Personality changes after a head injury can be seen in the 1987 film Overboard, starring Goldie Hawn and Kurt Russell. Hawn plays a rich and spoilt socialite who loses here memory after bumping her head when falling from her yacht. The character then undergoes a sudden transformation – she becomes warm-hearted and loving and is duped into raising the children of Russel’s character as her own. Her memory loss, like that of most other characters, is readly reversible – towards the end of the film, it is cured by another bump on the head. In others, the memories return when they see a familiar object or person. Both of these scenarios are equally implausible.

Memento (2000) is a rare example of a film which depicts amnesia accurately. It is apparently inspired in part by the case of Henry Molaison (H.M.), the famous amnesic who died last December. Guy Pearce plays Leonard, who suffers severe anterograde amnesia after sustaining a head injury in an attack in which his wife is killed. Unlike most amnesic characters, Leonard retains his identity and the memories of events that occurred before the attack, but loses all ability to form new memories. The film’s fragmented narrative powerfully depicts how difficult everyday life would be for a severely amnesic patient – Leonard spends much of the film frantically scribbling scraps of information on pieces of paper and, once he has estalished something to be a fact, has it tattooed onto his body.

Another accurate depiction of amnesia is found in the CGI-animated film Finding Nemo (2003). One of the characters, a reef fish called Dory, has a profound memory deficit which, to frustration of her peers, prevents her from learning or retaining any new information, remembering names, or knowing where she is going. As a result, she gets lost when left alone and is often found in a state of confusion. The exact origin of Dory’s impairment is not mentioned in the film, but her memory loss accurately reflects the difficulties faced by amnesic patients and those who know them.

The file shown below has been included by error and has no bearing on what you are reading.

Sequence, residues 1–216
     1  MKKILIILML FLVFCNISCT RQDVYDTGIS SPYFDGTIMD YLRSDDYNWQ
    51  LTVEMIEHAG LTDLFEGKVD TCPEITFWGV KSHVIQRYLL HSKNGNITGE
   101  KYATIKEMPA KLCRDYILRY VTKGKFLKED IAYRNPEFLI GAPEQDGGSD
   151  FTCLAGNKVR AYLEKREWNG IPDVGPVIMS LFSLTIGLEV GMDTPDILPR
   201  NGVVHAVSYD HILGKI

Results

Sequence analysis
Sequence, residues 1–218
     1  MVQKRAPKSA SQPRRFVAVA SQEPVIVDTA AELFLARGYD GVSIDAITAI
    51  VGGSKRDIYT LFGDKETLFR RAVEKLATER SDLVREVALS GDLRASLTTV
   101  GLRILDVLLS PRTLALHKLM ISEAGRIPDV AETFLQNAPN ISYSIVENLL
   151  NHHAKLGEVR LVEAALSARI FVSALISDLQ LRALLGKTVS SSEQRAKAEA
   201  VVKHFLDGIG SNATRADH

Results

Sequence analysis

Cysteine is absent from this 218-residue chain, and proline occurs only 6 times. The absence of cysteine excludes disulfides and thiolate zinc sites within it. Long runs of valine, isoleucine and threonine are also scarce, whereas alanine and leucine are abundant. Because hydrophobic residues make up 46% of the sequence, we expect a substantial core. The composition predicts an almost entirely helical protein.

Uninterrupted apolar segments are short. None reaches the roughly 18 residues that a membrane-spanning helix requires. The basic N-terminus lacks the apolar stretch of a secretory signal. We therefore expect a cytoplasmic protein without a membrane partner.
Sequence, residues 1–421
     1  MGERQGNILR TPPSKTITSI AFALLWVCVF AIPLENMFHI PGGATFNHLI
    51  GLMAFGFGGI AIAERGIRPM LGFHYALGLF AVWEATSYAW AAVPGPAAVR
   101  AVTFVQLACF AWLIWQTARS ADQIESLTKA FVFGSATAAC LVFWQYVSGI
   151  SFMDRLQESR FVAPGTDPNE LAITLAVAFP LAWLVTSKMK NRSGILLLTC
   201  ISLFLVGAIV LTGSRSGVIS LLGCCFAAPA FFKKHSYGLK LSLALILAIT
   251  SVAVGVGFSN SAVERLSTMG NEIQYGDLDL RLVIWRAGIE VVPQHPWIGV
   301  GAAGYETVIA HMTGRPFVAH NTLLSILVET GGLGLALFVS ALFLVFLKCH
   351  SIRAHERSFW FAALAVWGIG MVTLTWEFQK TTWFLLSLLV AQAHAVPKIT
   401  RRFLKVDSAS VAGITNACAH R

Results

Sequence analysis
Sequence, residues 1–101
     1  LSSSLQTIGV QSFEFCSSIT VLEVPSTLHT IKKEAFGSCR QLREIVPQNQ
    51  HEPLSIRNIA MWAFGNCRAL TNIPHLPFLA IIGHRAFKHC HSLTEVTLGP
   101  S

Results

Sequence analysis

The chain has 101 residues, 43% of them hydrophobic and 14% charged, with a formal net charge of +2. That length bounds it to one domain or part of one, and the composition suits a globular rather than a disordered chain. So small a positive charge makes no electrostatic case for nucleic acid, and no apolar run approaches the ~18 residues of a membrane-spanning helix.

Realistic amnesic characters are few and far between in the cinema. Baxendale refers to only one other film, called Se Quien Eres (I Know Who You Are, 2000), containing an accurate depiction of amnesia, in the form of a patient with Korsakoff’s Syndrome, the amnesic syndrome condition associated with chronic alcoholism. However, Columbia Pictures announced last month it has acquired the rights to make a film about the life of H.M., based on a book which is to be written by Susanne Corkin, the MIT researcher who worked with him for 40 years.

On a related subject is Rashomon (1950), Akira Kurosawa’s masterful examination of the reconstructive nature of memory. Rashomon depicts a crime as seen from the perspective of four eyewitnesses. As each gives their testimony, the same event is described in four radically different ways. Each of the testimonies contradicts the others, and each of the witnesses initially insists that their version of the event is the right one. Then, as they consider each others’ descriptions, something which at first seemed clear becomes utterly confusing, as all the characters and the audience begin to question the accuracy of their own memories.

Reference: Baxendale, S. (2004). Memories aren’t made of this: amnesia at the movies. BMJ 329: 1480-1483. DOI: 10.1136/bmj.329.7480.1480.